Why the Cleveland Cavaliers Absolutely Should Not Trade Anderson Varejao

Jeff Gross

So we've got this big hot debate about what the Cavaliers should do with Anderson Varejao. He's playing out of mind right now. Here's why the Cavaliers should NOT trade him.

Anderson Varejao is a saint. He's a beautiful, floppy-haired saint. He is without a doubt the second best player on the Cleveland Cavaliers, right behind Kyrie Irving. Despite all of that, there are large groups of Cavs fans who think The Wild Thing simply must be traded.

He's too old. The Cavs aren't competing now anyway. He's too injury prone. He doesn't fit with the rest of the frontcourt players. Blah blah blah. You'll hear any combination of those arguments as to why the Cavs should get rid of Varejao. And while some of those are valid arguments, it's still not worth it. And I'm about to tell you why.

The most obvious argument against Varejao is his health and age. He recently turned 30 years old and has missed the majority of the past two seasons with relatively serious, albeit unrelated, injuries (fractured wrist, torn achilles). The health argument is one that I just can't buy in to. It doesn't seem like either of his major injuries have been a direct result of the way that he plays. He's all hustle, all the time. But he didn't get hurt by banging his face into the base of the basket, diving after a loose ball. He get whacked on the wrist on a normal play. That could happen to anybody. Similarly, why does an injured wrist mean he's more likely to hurt something else? It might be more likely that he injures his wrist, but that's pretty much it. The way I look at it is that he's not the victim of a Greg Oden, Brandon Roy, or Andrew Bynum type of injury. It's not a nagging, constant concern about one particular body part. NBA players all have the risk of getting hurt. Given that we don't have a history of one specific problem, I don't see any reason to think Varejao is significantly more likely to be injured than any other player. (If you consult a doctor and we find out that Varejao has really weak bones, or something -- then I'll reconsider this stance. Drink more milk, damnit.)

As far as his age is concerned, the injuries may actually help him in some backwards sense. Due to the fact that he has missed so much time recently and didn't play a major role in his first few seasons, he's actually logged very few (regular season) minutes. Since coming into the league, he's played only 400 minutes more than Russell Westbrook. And only 600 minutes more than Al Horford. And about 1200 minutes more than Marc Gasol. (Consider the fact that a full season for Varejao is probably about 2200 minutes.) For big men, the minutes that they have logged on their back and knees is probably more important than their actual age. So while he's 30 years old, he has roughly as many minutes on his knees, feet, and back as a 27 year old. I know that's not going to stop the aging process, but it should at least extend his productiveness a bit further than we might expect. And at age 30, he's playing the best basketball of his life -- why do we assume it's all downhill from here?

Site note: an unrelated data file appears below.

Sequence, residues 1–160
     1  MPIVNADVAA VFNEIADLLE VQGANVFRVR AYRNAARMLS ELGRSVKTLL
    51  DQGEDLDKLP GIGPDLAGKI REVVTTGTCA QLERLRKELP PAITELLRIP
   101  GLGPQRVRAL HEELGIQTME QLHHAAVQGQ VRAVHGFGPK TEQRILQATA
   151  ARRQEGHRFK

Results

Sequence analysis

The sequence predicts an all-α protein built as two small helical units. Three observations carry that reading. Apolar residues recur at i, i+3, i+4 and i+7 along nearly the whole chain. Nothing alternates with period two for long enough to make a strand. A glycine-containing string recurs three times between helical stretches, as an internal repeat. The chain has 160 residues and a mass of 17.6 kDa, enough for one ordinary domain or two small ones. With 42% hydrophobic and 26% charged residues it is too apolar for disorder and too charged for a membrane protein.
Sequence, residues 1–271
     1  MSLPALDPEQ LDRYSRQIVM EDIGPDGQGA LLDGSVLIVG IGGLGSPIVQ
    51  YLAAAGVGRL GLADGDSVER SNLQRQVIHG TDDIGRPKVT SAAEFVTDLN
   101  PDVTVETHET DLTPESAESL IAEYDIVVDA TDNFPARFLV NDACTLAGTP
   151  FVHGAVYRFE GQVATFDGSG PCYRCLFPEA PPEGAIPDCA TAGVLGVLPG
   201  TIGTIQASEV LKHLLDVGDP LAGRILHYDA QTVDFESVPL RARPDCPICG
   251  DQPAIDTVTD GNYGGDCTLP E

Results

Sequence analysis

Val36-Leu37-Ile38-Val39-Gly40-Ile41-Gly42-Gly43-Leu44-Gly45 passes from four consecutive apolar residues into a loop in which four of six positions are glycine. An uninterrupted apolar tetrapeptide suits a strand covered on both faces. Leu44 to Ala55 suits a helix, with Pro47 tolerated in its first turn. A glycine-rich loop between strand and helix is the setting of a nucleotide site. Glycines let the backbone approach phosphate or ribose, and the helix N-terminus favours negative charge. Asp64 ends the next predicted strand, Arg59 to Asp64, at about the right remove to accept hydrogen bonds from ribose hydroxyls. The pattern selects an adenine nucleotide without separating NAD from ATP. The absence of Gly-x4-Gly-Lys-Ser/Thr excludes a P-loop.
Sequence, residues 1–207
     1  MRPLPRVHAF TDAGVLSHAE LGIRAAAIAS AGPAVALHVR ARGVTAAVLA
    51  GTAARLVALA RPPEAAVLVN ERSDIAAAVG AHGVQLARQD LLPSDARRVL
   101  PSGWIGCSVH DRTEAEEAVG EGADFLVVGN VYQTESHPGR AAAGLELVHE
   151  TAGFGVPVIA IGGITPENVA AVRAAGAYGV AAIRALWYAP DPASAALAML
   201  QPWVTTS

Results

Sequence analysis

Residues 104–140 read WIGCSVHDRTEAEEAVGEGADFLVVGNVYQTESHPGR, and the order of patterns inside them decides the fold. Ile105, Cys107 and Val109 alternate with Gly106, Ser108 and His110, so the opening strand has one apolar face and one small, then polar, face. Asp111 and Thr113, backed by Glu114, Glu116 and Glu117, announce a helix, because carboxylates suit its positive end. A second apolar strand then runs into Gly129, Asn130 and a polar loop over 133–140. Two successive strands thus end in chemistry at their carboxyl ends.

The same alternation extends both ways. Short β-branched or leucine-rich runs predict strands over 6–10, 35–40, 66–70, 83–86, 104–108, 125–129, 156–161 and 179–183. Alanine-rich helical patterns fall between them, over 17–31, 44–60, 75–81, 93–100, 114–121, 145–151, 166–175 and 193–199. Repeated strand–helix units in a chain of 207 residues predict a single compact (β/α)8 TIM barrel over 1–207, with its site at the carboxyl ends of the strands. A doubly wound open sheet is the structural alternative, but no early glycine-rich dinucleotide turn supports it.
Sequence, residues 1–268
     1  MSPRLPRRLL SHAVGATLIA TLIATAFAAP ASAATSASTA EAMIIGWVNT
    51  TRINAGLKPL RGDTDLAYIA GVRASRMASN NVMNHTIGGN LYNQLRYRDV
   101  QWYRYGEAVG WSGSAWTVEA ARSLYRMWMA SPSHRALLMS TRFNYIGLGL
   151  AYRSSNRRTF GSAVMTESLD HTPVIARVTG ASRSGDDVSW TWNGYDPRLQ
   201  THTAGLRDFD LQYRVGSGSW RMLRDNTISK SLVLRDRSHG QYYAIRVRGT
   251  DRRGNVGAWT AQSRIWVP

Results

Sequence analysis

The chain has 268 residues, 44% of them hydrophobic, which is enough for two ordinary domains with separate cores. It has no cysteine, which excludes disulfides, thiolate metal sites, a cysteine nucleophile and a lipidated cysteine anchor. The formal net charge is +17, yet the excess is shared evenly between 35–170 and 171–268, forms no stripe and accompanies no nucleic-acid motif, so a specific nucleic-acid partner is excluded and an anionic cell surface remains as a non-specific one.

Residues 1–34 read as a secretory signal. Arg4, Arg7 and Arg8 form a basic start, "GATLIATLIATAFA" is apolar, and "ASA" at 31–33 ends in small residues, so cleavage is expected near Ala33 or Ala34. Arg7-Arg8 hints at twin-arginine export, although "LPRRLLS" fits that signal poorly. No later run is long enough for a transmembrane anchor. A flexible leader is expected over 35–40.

Furthermore, we've already see Andy shift his game throughout his career. He doesn't rely on crazy flops, but rather has a great understanding of angles and incredibly quick feet. He isn't a guy who's rebounding ability is dependent on explosive hops, but rather effort and determination. Hustle is largely mental and will probably decline a lot slower than if Varejao were simply using elite athleticism.

Up until now I've kind of excluded the Cavaliers from the situation, but a huge part of the argument is about how valuable Andy is to this team. As I said before, he's the second best player on the team and anybody who disagrees with that can fight me (not actually, though. don't hit me). In addition, he's by far Kyrie's best option on pick and rolls. While Tristan Thompson (and Tyler Zeller too) has the ability to develop into a valuable weapon, Andy's by far the best option at this point. He accounts for 24 of Kyrie's 44 assists this season. On the defensive side of the ball (Cleveland's weakest area so far), Varejao is one of the few guys who seems to know what he's doing and willing to give the consistent effort to actually do it. He's an elite pick and roll defender, even if he isn't a prototypical "rim protector." In 2011-12, the Cavs' defense went down the tubes when Andy got hurt. And I would be remiss if I didn't point out the value of Anderson Varejao's rebounding ability. Coming into the season, many people (including coach Byron Scott) were concerned about the Cavs' ability to rebound on the defensive end of the floor. Through November 19th, the Cavs have the second best defensive rebounding rate in the NBA (after only Milwaukee). Though a lot of that is thanks to the improvement from Thompson on that end of the floor, the return of Andy is another enormous factor. Last year, Cleveland's defensive rebound rate dropped 3.2% when Andy left the court and this year it drops 2.6%. As of today, Varejao has the 4th highest total rebound rate in the NBA.